Monday, October 26, 2009

juniper and thyme-rubbed and smoked venison ribs with brown rice and beans and herbed butter roasted beets

went on a little trip to do some research for a project with vadim (future proprietor of akimenko meats). ended up out in new braintree, ma at misty river view farms, the largest venison farm in massachusetts. david and rhonda were nice enough to give vadim a nice looking rack of venison ribs to mess around with.

mashed together a few cloves of garlic with six juniper berries (christina's spices), black peppercorns, a few sprigs worth of fresh thyme, a generous amount of salt, a heavy pinch of sugar (about 2:1, salt:sugar), and a splash of canola oil in a mortar and pestle, until a well-mixed paste. removed the membrane from the bottom of the venison ribs, then rubbed them with the paste, focusing on the fleshier parts. put down a layer of lightly ashed-over charcoal in the fire box of the smoker, topped with a layer of aromatic african mahogany chunks (which had been soaking all day, thanks to the turk for scraps from his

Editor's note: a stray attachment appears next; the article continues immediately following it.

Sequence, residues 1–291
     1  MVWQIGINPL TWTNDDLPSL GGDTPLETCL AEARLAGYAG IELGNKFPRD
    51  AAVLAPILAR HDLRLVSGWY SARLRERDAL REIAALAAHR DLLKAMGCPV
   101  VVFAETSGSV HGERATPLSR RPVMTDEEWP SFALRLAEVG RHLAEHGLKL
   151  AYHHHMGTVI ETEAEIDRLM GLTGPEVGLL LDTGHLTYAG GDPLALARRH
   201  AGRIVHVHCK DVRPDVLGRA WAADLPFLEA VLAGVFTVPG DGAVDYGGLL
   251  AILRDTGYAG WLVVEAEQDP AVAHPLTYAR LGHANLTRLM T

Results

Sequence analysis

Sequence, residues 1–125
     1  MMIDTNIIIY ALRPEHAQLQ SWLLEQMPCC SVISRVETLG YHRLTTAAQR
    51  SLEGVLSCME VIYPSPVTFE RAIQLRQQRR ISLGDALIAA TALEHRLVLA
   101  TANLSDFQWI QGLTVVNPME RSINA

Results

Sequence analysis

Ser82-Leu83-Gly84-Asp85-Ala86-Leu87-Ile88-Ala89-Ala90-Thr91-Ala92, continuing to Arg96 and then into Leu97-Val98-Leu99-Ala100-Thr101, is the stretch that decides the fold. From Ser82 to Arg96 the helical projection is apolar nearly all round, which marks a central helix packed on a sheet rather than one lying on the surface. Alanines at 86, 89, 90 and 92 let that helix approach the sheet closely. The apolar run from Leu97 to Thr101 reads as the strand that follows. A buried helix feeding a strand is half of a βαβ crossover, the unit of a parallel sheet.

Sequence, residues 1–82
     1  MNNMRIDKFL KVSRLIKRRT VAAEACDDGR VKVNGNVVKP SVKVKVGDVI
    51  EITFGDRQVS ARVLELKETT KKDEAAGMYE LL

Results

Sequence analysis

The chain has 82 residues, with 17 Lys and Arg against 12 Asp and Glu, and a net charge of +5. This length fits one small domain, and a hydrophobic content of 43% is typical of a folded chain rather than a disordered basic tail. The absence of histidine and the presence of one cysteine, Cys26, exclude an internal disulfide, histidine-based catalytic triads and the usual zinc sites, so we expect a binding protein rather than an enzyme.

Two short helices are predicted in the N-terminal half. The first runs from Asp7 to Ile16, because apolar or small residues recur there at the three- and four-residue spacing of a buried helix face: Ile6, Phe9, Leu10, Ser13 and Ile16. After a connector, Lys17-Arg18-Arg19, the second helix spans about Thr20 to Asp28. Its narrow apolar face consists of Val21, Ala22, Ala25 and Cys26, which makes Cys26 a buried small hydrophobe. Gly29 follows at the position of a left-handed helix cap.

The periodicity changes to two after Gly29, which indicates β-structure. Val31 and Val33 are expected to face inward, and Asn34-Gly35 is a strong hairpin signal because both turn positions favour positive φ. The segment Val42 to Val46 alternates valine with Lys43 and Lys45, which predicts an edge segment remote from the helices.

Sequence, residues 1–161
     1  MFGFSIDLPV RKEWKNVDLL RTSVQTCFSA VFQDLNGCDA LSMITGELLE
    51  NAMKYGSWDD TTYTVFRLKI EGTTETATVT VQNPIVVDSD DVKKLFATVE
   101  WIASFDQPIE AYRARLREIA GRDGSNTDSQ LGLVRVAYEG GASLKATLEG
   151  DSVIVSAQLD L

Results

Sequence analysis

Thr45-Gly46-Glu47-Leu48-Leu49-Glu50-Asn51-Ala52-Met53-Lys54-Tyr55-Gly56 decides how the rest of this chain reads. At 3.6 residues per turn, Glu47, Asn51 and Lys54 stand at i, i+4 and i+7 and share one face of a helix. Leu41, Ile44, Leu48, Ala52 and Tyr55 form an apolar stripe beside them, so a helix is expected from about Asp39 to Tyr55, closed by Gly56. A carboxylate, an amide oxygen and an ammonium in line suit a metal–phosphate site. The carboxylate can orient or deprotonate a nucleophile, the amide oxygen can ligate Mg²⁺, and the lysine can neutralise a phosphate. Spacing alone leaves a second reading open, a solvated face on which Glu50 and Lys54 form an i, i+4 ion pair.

shop). placed the ribs in the smoking chamber and adjusted the airflow to maintain a 200-degree chamber temperature. smoked the ribs for about 3hrs, then finished in aluminum foil in the oven for an hour or so.

browned a handful of diced pieces of home-cured pork belly with julienned chicken skin (in an open pressure cooker), until the skin was tender and the fat had been adequately rendered. added a 1T. of unsalted butter, a diced onion, a few cloves of crushed garlic, a couple of sprigs of thyme, dry mustard powder, a pinch of cayenne, some tony chachere's seasoning, a pinch of marjoram, and cumin powder. simmered until the onions were tender, then added 2c. of organic short grain brown rice and lightly toasted over medium heat until slightly darker in color and most of the oil had been absorbed from the pan. added 4c. of boiling water, stirred lightly, then covered the pressure-cooker on low heat until the rice was almost done (40-min or so). added a layer of re-hydrated black beans on top of the rice, and covered again, to steam the beans and come up to temperature (did not stir in, rice continued to cook for a few minutes longer). stirred in the beans once the rice was done, removed from heat and left covered until ready to eat.